Film: The Living Record of Our Memory DVD Review: Boiling the Preservation Ocean

This new documentary takes a look at film preservation and restoration efforts underway around the world. We tend to think of these efforts as primarily being directed at saving classic Hollywood work, but this film takes pains to show that the initiative is indeed a global phenomenon. 

Director Inés Toharia travels the world to interview film archivists, curators, and technicians about the work that goes into finding and restoring viable source material for deteriorated or lost films. Generally, the older the film is, the less likely a decent print/negative exists for restoration, resulting in most silent films being lost. This is partially due to the ephemeral nature of early productions, originally intended for only a brief theatrical run and then consigned to the dustbin of history. As one interview subject relates, the studios and theaters saw no urgency about preserving a Fred Astaire film for example, when another one would be coming down the production pipeline months later.

Toharia makes it clear that two big drivers caused a change in preservation mindset: TV and home video. Once TV gained popularity and needed more and more content to fill its ever-expanding channels, movies were an obvious choice. Then as consumers gained the ability to own films for home viewing, studios rushed to fill their shopping carts with the fruits of their decades of labor. Unfortunately, this ongoing exploration into their back catalogs revealed the loss and degradation of their crown jewels, leading to the rise of preservation and restoration.

The film includes plenty of heart-breaking footage of deteriorated films, some that are just solid melted blocks in their canisters, some that are reduced to powder, and others that are brittle and chipped. Sadly, that’s about where Toharia’s exploration stops, offering very little in the way of technical footage of how the films are restored to usable prints and then further cleaned up with digital tools. I was expecting a more in-depth look at actual restoration, but the focus here is more on how global organizations work together to find and evaluate usable stock.

Further broadening the scope, Toharia ventures beyond feature films to encompass restoration of personal home videos, as well as preservation of digital media. We assume that now that everything we personally shoot is digital, and feature films are restored digitally, they’re safe for all time, but Toharia’s subjects paint a sobering picture of the folly of that mindset. Perhaps the most illuminating moment of the film is when Toharia reveals the preferred storage media for all of the feature film restoration efforts. Spoiler: it’s not digital.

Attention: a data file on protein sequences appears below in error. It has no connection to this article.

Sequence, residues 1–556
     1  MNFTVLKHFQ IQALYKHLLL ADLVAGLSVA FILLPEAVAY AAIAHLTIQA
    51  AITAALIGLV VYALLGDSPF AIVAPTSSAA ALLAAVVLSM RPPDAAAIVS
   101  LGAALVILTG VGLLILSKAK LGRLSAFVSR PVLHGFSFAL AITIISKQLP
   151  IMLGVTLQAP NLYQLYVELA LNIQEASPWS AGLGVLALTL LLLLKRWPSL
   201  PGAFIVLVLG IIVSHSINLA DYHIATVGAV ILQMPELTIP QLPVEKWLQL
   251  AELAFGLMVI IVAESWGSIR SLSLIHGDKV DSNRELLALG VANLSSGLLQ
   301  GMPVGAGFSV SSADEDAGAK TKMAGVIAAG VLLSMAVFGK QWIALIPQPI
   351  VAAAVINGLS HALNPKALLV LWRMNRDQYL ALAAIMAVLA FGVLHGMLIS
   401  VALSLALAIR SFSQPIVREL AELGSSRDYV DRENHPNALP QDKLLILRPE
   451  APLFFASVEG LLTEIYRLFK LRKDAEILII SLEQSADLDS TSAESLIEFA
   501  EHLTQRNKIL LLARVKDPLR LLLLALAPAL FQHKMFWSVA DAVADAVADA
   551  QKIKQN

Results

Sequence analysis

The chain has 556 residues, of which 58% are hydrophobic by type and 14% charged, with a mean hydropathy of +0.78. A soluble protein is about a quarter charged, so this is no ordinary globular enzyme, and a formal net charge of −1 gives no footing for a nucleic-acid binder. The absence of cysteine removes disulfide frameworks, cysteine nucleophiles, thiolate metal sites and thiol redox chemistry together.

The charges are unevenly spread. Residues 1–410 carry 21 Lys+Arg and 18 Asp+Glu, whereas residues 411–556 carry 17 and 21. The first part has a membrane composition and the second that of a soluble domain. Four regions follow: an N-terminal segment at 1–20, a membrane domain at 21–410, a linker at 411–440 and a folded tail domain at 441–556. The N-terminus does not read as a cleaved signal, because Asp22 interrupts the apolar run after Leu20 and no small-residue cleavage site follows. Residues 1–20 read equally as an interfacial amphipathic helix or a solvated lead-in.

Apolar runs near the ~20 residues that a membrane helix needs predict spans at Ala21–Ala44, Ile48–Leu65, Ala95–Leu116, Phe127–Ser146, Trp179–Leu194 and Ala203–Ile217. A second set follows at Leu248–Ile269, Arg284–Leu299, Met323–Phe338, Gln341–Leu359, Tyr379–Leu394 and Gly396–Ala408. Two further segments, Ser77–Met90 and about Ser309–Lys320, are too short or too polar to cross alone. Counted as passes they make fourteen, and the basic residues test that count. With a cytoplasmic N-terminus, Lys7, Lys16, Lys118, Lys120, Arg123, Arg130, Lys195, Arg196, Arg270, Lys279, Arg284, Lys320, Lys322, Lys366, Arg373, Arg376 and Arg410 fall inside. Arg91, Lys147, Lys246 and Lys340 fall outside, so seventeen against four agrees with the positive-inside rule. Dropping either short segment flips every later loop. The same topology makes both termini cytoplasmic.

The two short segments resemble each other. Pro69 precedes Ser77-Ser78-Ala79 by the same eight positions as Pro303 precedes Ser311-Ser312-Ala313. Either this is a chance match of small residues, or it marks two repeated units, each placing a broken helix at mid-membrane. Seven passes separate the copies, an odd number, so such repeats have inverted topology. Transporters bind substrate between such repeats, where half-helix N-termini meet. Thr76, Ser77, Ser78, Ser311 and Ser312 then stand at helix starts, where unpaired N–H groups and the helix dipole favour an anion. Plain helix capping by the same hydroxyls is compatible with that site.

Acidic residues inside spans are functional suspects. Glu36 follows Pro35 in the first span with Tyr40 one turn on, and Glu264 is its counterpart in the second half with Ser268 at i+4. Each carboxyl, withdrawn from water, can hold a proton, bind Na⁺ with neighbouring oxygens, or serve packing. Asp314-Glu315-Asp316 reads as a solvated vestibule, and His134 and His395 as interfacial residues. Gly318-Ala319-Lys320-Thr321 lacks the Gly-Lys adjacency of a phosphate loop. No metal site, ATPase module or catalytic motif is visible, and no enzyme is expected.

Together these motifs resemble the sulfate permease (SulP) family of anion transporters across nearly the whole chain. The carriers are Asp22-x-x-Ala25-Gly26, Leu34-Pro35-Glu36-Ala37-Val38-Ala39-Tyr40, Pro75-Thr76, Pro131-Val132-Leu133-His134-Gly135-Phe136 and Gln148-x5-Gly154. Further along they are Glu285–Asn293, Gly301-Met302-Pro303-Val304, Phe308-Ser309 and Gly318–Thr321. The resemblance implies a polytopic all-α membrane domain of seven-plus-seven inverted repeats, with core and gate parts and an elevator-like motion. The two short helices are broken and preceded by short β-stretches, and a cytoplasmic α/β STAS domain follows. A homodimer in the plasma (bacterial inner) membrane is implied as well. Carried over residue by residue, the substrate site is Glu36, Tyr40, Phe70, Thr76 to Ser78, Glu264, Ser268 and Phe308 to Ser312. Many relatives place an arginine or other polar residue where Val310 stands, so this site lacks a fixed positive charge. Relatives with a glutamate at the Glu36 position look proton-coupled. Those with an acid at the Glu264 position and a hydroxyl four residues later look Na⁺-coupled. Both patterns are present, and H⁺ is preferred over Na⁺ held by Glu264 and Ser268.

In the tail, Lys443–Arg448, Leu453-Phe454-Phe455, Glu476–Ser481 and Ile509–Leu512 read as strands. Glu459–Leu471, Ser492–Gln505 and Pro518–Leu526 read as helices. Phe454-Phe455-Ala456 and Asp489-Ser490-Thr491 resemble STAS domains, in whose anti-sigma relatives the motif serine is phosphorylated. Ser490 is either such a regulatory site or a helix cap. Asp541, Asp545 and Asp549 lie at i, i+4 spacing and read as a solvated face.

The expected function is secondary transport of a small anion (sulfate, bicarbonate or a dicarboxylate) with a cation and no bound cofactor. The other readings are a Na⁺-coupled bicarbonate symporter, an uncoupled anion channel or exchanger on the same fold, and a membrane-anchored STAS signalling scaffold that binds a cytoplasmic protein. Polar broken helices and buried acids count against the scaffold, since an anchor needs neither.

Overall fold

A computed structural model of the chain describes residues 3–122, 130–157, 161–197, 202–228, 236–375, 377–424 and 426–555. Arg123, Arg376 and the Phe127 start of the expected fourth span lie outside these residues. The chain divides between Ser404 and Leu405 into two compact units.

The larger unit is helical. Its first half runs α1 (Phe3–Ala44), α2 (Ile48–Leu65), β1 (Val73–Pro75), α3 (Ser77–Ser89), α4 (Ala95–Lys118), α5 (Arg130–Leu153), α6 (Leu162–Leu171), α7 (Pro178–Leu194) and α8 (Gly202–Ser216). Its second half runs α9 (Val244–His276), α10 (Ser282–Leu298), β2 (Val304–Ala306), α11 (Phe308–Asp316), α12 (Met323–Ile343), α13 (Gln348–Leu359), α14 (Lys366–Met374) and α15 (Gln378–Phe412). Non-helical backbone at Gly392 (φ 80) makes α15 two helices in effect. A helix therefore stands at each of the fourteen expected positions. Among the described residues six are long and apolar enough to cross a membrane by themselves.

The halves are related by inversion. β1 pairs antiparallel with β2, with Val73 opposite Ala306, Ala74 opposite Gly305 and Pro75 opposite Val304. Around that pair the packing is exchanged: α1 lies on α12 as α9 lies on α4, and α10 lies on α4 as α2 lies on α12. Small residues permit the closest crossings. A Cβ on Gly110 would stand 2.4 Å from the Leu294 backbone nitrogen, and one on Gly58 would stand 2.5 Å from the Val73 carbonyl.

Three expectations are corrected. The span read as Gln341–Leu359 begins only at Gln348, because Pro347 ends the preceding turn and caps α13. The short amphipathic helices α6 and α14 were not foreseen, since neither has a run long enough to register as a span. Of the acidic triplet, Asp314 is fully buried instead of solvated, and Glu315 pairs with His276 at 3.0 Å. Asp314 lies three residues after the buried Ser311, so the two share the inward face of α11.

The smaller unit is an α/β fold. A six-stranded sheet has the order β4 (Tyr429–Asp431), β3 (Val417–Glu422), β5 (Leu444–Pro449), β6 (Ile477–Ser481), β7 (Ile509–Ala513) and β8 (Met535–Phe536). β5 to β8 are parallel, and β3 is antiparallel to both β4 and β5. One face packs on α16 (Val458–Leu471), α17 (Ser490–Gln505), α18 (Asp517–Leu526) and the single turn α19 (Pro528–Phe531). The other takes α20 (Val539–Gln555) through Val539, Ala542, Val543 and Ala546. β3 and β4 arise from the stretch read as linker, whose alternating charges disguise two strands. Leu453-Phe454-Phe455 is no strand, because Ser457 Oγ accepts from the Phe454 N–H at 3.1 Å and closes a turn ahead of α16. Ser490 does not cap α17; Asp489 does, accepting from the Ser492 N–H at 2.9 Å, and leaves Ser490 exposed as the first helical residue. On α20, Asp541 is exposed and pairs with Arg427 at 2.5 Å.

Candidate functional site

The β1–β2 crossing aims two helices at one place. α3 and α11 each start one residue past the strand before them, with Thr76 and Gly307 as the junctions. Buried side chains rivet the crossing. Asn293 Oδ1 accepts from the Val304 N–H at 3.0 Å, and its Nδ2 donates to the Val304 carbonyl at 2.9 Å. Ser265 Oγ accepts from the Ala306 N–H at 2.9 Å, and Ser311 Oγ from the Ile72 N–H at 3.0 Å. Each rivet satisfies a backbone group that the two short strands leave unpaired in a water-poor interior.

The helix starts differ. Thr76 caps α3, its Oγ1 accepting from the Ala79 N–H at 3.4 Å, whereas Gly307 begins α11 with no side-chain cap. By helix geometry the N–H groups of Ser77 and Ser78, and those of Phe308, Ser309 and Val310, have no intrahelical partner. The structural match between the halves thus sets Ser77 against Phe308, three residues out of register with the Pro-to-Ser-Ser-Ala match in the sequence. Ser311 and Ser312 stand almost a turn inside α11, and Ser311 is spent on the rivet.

The film doesn’t have a narrator, leading to a bit of a scattershot approach as Toharia bounces from one interview subject to the next. Filmmaker interviews include Wim Wenders, Ken Loach, and Costa-Gavras, with additional non-exclusive appearances by directors including Martin Scorsese and Ridley Scott. Here again I felt like the breadth of the filmmaker coverage resulted in a surprising lack of focus on what I expected: Scorsese’s well-publicized efforts to rescue and restore important feature films from around the world via his World Cinema Project and associated Criterion DVD box set releases. As it stands, that work is barely an aside, lost in the noise of all of the other filmmakers.

The nature of this far-ranging project lends itself to much footage left on the cutting room floor. Thankfully, some of it is restored in the DVD bonus features, a generous assortment of brief clips that add more context to the film. The feature film is presented at 1.85:1 aspect ratio with Dolby 5.1 surround. 

While the film is fascinating and well worth watching, Toharia’s no-limits ambition results in the feeling that the project is attempting to boil the ocean, trying to cover far too many bases in its limited two-hour runtime. Really, the material presented here would be more suitable for a limited series, which would allow the work to expand to match Toharia’s all-encompassing vision. Instead, we get tantalizing glimpses of the important ongoing work to preserve our global film heritage.

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Steve Geise

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